20 Best Moves For Your Biceps
If you’re even as focused on your appearance as building strength and mass—and there’s nothing wrong
with that—there’s no better place to begin than your biceps. The muscles are composed of an extended
and short head, which group to handle movements like flexing, and curling, that make your arms pop.
The biceps take up a large amount of prime property on the front of your arm, and they are probably the simplest part of your body to indicate off irrespective of matters, or who you’re trying to impress. Whether you rock a shirt or a t-shirt, a powerful set of guns are absolute to make waves.
To help you hone those arms, we created this list of 20 go-to moves to figure your biceps. a number of these are classics; some are new. Some are a grind; some are fun. Some hit the long head of the muscle; some concentrate on the short head.
Pick those you prefer (and maybe some that you just don’t), and use them to pump up your arms—and fill out your sleeves.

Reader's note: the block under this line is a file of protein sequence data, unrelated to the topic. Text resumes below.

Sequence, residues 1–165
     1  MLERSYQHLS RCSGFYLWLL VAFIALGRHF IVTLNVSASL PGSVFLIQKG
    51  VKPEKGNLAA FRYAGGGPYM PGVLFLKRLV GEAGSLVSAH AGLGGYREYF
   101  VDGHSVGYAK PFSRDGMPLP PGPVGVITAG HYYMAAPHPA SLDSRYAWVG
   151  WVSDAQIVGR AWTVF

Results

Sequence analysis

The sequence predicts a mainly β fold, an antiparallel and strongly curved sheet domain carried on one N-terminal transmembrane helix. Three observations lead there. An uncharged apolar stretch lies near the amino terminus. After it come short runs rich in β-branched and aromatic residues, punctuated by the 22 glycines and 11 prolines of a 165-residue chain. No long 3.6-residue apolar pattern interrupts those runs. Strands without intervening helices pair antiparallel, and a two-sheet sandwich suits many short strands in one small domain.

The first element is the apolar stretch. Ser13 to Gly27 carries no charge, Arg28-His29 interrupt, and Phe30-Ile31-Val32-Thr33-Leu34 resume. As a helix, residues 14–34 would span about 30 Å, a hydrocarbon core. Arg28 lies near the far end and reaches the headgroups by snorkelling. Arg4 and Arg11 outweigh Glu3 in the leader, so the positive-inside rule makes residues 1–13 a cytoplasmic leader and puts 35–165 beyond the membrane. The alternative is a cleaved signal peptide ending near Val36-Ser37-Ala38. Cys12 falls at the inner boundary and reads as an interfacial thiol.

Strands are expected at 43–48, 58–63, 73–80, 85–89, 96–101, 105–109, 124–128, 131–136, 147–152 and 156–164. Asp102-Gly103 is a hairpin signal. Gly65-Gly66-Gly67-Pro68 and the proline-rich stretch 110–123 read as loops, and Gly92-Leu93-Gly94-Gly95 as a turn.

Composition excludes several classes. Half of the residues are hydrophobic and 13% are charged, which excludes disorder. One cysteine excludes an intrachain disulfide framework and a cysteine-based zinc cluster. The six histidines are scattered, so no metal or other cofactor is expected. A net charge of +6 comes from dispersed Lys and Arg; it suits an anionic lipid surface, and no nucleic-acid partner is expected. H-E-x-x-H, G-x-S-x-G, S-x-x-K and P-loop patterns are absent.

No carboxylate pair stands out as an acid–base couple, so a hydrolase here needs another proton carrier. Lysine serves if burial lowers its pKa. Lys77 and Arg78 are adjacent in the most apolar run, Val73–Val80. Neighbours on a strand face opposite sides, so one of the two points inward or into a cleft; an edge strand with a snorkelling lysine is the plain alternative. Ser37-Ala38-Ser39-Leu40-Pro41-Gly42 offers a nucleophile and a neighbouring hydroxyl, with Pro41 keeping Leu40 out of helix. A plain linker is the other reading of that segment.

Build Your Bicep With This Badass Arm Plan
STANDING BARBELL CURL
This is as basic because it gets. You’ve probably heard serious lifters carrying on about oblivious meatheads seizing space in squat racks to try and do bicep curls, so be mindful when and where you fill up a barbell — but that should not be an excuse to skip out on the move entirely. Barbells allow you to figure both arms simultaneously and evenly, and therefore the position of your grip can allow you to range in on different parts of the muscle.
How to do it: Grab the barbell with an underhand grip, along with your hands positioned about as wide as your hips. to emphasize the inner portion of the bicep, take a wider grip; to focus on the outer a part of the muscle, bring your hands closer together. Start holding the bar at hip height, then squeeze your core and contract your biceps to curve the bar up to shoulder height. Squeeze your biceps at the highest of the movement, then slowly lower the burden back to the starting position, controlling the burden through the eccentric movement. confirm to stay your feet solidly planted throughout the exercise, and do not use your hips to lift the weight.